BM3 Architecture was recently shortlisted for an international competition for a new Faculty of Engineering at the University of Cyprus. The brief for this project was to produce a sustainable masterplan for the University with opportunity for future expansion. This involved designing several buildings that include a Structural & Earthquake Engineering Laboratory, Department of Civil & Environmental Engineering (CEE), Deanery & Common Space, Department of Electrical & Computer Engineering (ECE) and Department of Mechanical & Manufacturing Engineering (MME).
To achieve the objectives of the brief it was decided that the departments MME, ECE and CEE should focus on a communal central space which will contain the Deanery, common use spaces and Department of Architecture spaces at the heart of the faculty. The main entrances to each department will be from this central space. Users will converge in this space encouraging interaction and creating a focal point for all departments. Secondary entrances from the east and the west will create links with the rest of the campus. An open space at the centre of the site allows for good air movement and daylight penetration as well as opening up views of the Aronas Mountain and the Athalassa Forest. The circulation spaces in the square between departments are complemented by outdoor teaching and social spaces.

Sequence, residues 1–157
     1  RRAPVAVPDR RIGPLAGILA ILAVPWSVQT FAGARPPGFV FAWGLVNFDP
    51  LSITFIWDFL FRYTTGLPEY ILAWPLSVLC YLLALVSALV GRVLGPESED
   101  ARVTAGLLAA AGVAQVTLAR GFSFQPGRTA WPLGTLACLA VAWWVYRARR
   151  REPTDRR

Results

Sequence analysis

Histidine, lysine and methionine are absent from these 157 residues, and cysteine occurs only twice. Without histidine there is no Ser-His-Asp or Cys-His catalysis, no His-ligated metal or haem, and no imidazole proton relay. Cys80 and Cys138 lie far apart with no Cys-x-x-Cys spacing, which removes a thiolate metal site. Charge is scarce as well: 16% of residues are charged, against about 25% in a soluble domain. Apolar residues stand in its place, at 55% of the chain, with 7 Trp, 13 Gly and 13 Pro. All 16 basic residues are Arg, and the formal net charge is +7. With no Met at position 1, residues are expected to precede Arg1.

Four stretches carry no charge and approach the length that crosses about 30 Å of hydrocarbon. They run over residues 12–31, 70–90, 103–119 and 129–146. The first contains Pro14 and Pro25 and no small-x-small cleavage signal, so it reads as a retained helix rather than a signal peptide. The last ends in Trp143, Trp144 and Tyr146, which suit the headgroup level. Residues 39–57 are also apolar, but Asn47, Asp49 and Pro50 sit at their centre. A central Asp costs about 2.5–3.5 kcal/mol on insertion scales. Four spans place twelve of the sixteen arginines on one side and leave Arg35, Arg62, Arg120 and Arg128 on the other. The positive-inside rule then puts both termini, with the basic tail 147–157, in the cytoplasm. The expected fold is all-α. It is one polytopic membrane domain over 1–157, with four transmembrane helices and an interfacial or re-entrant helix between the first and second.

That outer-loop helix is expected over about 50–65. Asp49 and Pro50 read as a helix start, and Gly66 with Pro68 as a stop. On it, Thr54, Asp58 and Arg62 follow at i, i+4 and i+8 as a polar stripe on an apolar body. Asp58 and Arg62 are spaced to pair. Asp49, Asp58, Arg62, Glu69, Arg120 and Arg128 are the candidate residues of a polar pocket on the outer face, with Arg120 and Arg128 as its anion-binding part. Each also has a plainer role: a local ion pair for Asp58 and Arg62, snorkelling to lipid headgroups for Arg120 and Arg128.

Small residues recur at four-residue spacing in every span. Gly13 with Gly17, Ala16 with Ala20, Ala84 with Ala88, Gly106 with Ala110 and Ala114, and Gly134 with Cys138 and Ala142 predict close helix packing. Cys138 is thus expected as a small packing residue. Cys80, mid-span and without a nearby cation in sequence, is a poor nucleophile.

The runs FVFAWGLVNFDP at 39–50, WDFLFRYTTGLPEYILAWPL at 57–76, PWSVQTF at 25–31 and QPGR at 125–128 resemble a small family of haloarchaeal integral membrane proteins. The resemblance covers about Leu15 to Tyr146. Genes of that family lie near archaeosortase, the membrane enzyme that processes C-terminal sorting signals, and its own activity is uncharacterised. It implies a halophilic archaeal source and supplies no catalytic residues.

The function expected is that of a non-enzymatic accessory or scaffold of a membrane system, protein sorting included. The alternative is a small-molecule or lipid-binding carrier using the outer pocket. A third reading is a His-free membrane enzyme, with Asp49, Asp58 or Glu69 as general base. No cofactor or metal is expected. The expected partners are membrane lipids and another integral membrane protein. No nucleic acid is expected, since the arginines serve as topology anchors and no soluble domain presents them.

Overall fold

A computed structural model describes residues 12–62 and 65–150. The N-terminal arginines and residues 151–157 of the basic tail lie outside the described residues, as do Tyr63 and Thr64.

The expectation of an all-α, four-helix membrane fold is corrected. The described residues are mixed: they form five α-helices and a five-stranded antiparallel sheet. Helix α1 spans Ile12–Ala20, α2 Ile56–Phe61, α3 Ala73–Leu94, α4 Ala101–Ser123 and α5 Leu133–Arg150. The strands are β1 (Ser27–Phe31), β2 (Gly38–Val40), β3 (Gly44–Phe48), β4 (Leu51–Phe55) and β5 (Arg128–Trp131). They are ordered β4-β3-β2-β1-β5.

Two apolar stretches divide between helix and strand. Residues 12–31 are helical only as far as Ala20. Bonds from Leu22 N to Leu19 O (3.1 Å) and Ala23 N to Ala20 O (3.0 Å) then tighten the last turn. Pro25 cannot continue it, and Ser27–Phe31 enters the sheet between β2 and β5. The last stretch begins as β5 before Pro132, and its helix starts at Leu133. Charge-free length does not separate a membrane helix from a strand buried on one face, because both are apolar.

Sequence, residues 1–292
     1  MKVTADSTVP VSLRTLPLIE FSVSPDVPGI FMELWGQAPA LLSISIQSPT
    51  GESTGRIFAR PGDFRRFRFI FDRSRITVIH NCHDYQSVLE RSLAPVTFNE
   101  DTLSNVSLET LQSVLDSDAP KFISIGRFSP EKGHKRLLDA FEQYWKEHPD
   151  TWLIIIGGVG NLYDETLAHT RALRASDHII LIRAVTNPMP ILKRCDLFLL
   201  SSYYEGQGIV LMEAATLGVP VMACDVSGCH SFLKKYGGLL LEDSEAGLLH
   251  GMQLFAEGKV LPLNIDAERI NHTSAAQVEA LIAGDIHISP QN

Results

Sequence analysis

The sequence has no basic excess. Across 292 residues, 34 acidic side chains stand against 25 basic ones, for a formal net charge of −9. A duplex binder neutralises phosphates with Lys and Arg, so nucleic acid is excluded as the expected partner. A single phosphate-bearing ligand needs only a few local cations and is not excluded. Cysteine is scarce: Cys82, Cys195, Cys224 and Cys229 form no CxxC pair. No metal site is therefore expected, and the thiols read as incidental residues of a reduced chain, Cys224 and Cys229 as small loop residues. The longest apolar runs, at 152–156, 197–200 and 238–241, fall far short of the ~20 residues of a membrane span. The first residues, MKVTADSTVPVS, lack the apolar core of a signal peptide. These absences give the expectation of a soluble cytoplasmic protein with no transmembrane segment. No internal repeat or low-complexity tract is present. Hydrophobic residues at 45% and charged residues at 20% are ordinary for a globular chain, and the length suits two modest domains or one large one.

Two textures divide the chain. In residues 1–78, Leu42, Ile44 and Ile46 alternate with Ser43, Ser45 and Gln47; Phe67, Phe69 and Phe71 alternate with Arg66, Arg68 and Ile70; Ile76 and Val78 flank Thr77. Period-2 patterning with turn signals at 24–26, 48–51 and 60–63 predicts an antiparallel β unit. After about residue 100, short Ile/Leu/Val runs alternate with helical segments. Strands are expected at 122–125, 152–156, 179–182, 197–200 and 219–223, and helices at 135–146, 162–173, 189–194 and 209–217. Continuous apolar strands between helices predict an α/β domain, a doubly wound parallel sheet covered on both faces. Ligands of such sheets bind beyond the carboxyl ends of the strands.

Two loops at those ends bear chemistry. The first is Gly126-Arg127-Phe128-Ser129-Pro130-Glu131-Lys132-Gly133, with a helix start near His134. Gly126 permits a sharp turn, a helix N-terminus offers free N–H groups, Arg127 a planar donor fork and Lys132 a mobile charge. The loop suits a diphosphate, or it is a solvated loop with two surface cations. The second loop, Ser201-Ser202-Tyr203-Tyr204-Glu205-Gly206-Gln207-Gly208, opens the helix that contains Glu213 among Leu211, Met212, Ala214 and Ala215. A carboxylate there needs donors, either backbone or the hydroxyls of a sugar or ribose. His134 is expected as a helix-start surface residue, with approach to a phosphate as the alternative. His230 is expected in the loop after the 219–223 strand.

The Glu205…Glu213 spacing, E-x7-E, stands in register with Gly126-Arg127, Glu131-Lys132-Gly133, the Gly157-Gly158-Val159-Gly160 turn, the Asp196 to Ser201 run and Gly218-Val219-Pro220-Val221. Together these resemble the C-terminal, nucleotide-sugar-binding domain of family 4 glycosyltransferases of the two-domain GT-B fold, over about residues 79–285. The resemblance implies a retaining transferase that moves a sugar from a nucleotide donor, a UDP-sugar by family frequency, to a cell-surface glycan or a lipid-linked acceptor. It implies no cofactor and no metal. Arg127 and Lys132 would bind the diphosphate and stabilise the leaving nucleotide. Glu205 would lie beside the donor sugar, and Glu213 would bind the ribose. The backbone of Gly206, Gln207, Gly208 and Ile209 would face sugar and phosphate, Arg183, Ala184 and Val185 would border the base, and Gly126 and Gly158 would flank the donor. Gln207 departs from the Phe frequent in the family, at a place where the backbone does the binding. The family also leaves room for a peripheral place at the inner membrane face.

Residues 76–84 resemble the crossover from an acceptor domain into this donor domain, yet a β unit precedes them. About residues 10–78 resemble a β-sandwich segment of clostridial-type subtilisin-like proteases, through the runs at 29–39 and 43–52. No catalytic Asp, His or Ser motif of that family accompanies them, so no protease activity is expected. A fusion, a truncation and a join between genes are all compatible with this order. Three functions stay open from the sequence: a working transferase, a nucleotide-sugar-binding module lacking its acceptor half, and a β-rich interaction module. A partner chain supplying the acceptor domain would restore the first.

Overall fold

Having divided the faculty into separate buildings it is vital that it still reads as a whole. The laboratory wings are generally single aspect and face north-south with the corridor on the south side. The external walls to the corridors are largely glazed, and therefore naturally-lit, protected from solar gain by horizontal louvers. The labs are relatively shallow in plan allowing for good day lighting and natural ventilation when required. East and west elevations have horizontal and vertical shading to control a range of sun angles. The inclined elevations around the faculty square also help to enclose the space and connection between the department buildings.
The Structural and Earthquake Engineering Laboratory is designed as a landmark building on the southern elevation denoting the gateway into the site, with cladding giving the appearance of ‘cracks’ synonymous with its function. Similar materials have been used on each department building for unity. The elevations are largely glazed. This was a key objective avoiding the need for artificial lighting and providing good views out improving the working environment and views in adding to the activity of the spaces around the faculty. Other main facing materials are a fractal patterned aluminium cladding and fair faced concrete. The aluminium will have a matt finish avoiding glare issues.
Throughout the Faculty the colour green has been used. It has been a considered choice not just in its appropriate aesthetic qualities when set against the steel grey of the bare face concrete, but also in its mood-enhancing properties. Green is associated with tranquillity and balance and also represents nature and harmony.